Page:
“This is a great starter class. I thought I understood how shutter speed and aperture worked together, but this class made it come together in a matter of minutes. I'm already taking better pictures and this is just the beginning!” -Jennifer Manley, CreativeLive Student

Learn how to take the kind of photograph you’ll want to print and pass on to the next generation. John Greengo is back to teach this updated photography for beginners class. You’ll learn the principles of good beginner and intermediate photography and get the skills necessary to create amazing photos. 

Advanced cameras are available at modest price points, but learning how to use them takes an investment.

  • Learn the the most essential functions of your camera 
  • Gain confidence in putting new functions into action 
  • Get the swing of basic photographic terminology 
  • Feel prepared to move on to more advanced classes 
  • Gain a solid understanding of must-know lighting and composition techniques 
  • Lean to position yourself and your subject to capture the best photo possible with the camera you have – no additional gear needed 
If you want to take more memorable and inspiring photographs of your travels, your friends and family, or the great outdoors then this photography for beginners class is for you. Learn how to make average pictures amazing photographs and gain the ground necessary to continue your photography education.  

“This is a super introduction to photography for anyone who really wants to learn how to understand and begin to use the camera to its full extent. John is an excellent teacher, very easy to follow, with great graphics and examples.”  -Sarah, CreativeLive Student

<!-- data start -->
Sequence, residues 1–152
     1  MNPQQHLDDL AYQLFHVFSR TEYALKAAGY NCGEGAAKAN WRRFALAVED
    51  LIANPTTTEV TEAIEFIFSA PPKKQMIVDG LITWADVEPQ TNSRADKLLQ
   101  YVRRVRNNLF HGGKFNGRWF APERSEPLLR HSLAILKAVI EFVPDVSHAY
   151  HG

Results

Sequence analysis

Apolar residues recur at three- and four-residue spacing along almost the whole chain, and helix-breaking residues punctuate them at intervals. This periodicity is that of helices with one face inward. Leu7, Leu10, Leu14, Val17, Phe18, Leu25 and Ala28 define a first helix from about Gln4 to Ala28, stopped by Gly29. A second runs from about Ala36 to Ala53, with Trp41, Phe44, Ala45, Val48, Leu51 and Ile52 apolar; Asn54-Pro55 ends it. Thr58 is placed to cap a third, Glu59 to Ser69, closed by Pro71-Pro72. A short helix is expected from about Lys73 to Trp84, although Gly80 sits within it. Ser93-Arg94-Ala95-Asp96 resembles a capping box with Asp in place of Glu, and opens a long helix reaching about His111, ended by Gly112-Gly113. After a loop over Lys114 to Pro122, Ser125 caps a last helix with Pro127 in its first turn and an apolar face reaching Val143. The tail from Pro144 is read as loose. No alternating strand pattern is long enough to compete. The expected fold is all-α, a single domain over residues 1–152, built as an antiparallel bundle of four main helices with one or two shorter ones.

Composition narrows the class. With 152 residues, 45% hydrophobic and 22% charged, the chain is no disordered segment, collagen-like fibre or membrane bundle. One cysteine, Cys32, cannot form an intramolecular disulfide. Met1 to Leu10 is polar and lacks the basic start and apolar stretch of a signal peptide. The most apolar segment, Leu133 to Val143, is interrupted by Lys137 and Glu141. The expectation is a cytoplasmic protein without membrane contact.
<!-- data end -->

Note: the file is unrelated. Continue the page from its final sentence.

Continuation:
Kanoelani Patenaude

I am a pro photographer in my dreams, where I know the in's and out's of my camera; however, reality proved differently, as real life would tell you, I was a deer caught in headlights just looking at my new 7D Mark II. I am a photographer enthusiast without the skills, but a lot of love for the moments one, or the profession/hobby of it can capture. I mostly shoot my husband, friends, and community surfers in the lineup, and of course, my children, who rarely sit still. Thus, I switched from Nikon to Canon, venturing on the 7D Mark II for the grand reviews of how stellar of camera it is for action shots (surfing, and kids, this was a no brainer). That said, and overwhelmed with the way beyond my skill set, but noted desire and aspiration to grow, I made the purchase, and sought help rather quickly as I wanted to feel confident with what I was utilizing to capture the best memories possible. I came into this John's courses knowing the "on/off" button, and "auto" shoot mode. I came out of the course feeling like the pro in my dreams, and ready to shoot manual. John's teaching style is on point, and his detailed visuals are a huge plus. My first shots post this photography kit course, I thought were great for my first educated shoot, and shockingly, I even received and email from one of the sponsors of the surfers I captured, asking if they could use my image for their sites and publications. Not bad for a newbie. Though, my intent was never a business purpose, I did not know if I should charge a small fee, or give it for free. I don't mind free as it's not my business, yet I don't want to ruin it for any professional photographers in town doing the same thing that are charging. Perhaps another course to help me with that. I highly recommend courses by John Greengo! Thank you so much, John!

Megan Wagner

John is extremely articulate and is a great teacher with lots of visual aids and metaphors to help understand photography. I have been doing photography for a few years now and this class was a tremendous help in boosting my knowledge and refreshing my memory in multiple aspects of photography. The graphics that John uses are helpful and he even goes through images and asks which settings would be best to use and will go through the why. He makes things easy to understand and is very clear about the information he provides. I am so glad I took this course and I would highly recommend it even to an experienced photographer. Thank you John Greengo!